In Morocco's backyard
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“Someone must stop these terrible violations of human rights against my people.” This summer the Sahrawi student Elkouria Amidane visited Norway. She came to tell her side of the story about what is happening in the occupied territory of Western Sahara. Through demonstrations and protests against Moroccan authorities, and her fight for the freedom of a people, she has endured both torture and persecution.

Published 23 August 2007
26 July 2007
By Øystein Skotheim

Elkouria Amidane bears a heavy load. In June, her brother was sentenced to 5 years in prison. Just a week earlier, her sister was arrested, and beaten during interrogation. Due to her wish and venture for the right of self-determination for her people, Amidane has been subjected to torture and discrimination. Once she was even expelled from school of the same reason.

Her closest family has been exposed to violence from the Moroccan police. Her home has been raided 15-20 times the last two years without any warrant.

As the previous king of Morocco put it: “Human rights cease to exist at the borders of Western Sahara.” Morocco has occupied the territory for 32 years.

Beaten to the ground
Amidane is one of many Sahrawi students who have protested against the treatment Moroccan authorities are giving the population of Western Sahara. They are demanding the right to self-determination in their own country and a final end to the attrocities committed against them on a daily basis.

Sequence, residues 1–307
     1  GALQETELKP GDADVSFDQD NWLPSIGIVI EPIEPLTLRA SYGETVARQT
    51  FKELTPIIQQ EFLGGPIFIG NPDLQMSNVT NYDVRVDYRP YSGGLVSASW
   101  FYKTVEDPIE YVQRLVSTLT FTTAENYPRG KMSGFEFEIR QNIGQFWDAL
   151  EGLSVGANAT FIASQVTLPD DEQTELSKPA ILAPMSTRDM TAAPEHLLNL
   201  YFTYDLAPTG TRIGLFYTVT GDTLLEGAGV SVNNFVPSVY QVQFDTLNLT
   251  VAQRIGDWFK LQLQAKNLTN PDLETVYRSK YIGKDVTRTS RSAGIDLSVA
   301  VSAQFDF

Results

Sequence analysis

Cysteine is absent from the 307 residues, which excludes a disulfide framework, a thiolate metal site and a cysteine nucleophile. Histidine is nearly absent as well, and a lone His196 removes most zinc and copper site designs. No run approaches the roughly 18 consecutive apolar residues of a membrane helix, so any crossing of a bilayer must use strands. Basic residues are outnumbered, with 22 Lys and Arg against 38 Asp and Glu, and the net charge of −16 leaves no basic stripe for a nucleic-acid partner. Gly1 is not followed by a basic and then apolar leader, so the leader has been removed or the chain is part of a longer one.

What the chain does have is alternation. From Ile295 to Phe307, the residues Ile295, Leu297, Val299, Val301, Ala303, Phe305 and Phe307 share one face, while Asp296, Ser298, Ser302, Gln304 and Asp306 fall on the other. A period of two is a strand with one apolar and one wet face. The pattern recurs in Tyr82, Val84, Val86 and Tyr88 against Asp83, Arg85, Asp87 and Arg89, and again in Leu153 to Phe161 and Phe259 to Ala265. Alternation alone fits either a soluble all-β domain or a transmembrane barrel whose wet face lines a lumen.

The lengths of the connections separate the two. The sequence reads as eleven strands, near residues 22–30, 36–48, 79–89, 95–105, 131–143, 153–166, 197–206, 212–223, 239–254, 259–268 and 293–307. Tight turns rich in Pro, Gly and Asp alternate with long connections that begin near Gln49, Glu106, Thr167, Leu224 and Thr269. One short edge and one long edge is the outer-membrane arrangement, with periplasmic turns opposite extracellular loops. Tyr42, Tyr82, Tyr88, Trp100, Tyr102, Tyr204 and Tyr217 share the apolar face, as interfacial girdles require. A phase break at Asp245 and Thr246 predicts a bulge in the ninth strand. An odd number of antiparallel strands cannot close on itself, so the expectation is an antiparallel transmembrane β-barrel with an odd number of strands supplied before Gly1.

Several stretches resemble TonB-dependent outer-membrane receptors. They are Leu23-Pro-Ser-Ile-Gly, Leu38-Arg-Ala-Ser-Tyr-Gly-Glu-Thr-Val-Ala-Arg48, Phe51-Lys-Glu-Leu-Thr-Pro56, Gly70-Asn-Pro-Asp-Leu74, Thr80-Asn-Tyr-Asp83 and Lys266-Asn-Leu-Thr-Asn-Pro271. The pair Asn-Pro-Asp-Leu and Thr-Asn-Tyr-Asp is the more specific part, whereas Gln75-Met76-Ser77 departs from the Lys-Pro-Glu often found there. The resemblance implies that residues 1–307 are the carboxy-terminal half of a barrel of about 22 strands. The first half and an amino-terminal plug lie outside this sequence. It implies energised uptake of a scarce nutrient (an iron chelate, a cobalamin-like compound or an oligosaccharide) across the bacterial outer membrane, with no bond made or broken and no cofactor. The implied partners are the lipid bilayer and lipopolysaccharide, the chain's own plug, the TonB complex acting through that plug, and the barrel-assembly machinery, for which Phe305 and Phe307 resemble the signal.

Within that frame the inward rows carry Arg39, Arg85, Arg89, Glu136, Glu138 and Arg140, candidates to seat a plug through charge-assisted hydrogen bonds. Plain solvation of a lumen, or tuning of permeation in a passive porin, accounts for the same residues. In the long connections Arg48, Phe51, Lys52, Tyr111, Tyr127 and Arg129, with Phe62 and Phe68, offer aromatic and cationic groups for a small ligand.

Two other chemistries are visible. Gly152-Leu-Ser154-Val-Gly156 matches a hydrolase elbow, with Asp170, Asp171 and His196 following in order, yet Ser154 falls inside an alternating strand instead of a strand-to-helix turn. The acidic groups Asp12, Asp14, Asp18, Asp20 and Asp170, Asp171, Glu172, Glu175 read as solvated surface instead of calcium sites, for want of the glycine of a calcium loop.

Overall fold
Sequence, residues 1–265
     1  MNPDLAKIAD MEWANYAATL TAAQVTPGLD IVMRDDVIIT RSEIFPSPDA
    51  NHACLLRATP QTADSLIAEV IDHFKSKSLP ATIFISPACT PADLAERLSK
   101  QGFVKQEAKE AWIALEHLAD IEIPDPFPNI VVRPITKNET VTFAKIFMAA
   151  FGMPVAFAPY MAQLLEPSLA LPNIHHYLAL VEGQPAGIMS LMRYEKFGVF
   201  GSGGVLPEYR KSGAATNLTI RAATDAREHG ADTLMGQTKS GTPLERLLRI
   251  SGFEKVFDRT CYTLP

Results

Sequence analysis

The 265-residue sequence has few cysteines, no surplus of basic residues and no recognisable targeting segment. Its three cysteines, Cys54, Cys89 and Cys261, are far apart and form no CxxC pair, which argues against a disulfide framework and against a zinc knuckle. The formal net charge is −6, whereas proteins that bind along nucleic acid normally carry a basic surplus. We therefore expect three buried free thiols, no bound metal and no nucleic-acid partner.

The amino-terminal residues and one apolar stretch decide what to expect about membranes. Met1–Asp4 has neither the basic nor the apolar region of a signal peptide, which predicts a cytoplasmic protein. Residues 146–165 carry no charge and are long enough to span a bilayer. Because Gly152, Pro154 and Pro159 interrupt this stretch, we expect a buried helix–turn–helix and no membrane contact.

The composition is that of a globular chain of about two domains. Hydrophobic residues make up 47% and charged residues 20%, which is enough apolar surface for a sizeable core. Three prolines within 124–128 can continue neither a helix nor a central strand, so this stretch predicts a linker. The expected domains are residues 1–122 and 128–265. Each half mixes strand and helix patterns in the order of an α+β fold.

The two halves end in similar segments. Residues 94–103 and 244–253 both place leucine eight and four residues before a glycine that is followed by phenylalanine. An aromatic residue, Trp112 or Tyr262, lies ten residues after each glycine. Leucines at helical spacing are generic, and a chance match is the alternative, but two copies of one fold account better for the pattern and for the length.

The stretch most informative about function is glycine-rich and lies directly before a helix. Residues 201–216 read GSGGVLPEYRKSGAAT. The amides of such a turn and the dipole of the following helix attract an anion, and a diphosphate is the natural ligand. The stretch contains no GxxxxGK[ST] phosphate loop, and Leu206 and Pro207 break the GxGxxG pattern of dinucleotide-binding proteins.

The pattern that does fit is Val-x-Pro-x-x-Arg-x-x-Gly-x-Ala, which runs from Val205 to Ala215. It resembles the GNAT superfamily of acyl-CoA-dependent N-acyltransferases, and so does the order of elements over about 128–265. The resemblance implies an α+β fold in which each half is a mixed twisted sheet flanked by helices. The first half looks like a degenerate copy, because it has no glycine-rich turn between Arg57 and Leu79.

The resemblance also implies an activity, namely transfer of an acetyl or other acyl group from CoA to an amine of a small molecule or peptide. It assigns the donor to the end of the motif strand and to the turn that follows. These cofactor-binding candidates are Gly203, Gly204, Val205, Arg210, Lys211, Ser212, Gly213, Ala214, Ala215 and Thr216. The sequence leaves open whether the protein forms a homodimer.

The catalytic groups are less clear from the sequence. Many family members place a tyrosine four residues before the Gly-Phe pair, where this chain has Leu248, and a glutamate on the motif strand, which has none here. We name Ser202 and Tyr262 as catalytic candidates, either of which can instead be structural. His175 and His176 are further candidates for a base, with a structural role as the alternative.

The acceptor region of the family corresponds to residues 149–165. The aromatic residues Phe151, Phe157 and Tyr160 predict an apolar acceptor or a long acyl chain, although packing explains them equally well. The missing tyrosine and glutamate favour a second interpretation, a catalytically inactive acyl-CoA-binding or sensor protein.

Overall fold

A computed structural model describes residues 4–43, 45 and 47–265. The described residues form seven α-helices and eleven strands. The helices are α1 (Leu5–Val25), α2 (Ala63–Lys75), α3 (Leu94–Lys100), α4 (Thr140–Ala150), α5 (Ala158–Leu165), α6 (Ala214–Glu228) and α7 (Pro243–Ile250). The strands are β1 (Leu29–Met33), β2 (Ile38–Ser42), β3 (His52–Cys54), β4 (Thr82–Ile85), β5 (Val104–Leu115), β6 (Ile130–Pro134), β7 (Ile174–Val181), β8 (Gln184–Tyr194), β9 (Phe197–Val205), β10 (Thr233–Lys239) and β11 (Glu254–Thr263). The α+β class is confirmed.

"The peaceful student demonstrations are usually met with violence and deportation", says Amidane, who herself has lost two years of school; simply because she critizised the Monarch in class.

"Sahrawi students are beaten to the ground, interrogated, tortured, and sentenced to long terms in prison. Moroccan law courts rule the protestors as criminals", she explains.

Despite the students' response of hunger strikes and further demonstrations, the authorities do not seem interested in compromise. In other words, Western Sahara remains Moroccan.

Forced to sign papers
The latest of noticable demonstrations erupted in May this year. Together with her compatriots, Amidane participated in a sit-in at her university in Marrakesh, Morocco. Soon enough the police was informed about the situation at the university campus, and in great numbers they decided to entrap the protesting students. 

By surrounding them and blocking every exit, the entrapment was a success. As night fell an offensive was launched. Without any warning tear gas was directed against the Sahrawis. In the rupture that ventured, they attempted to escape. Only a few managed to get away. Tenfolds were intercepted. After the confrontation at the university square, several wounded were left lying on the ground – grumbling in pain. The authorities had shown them no mercy.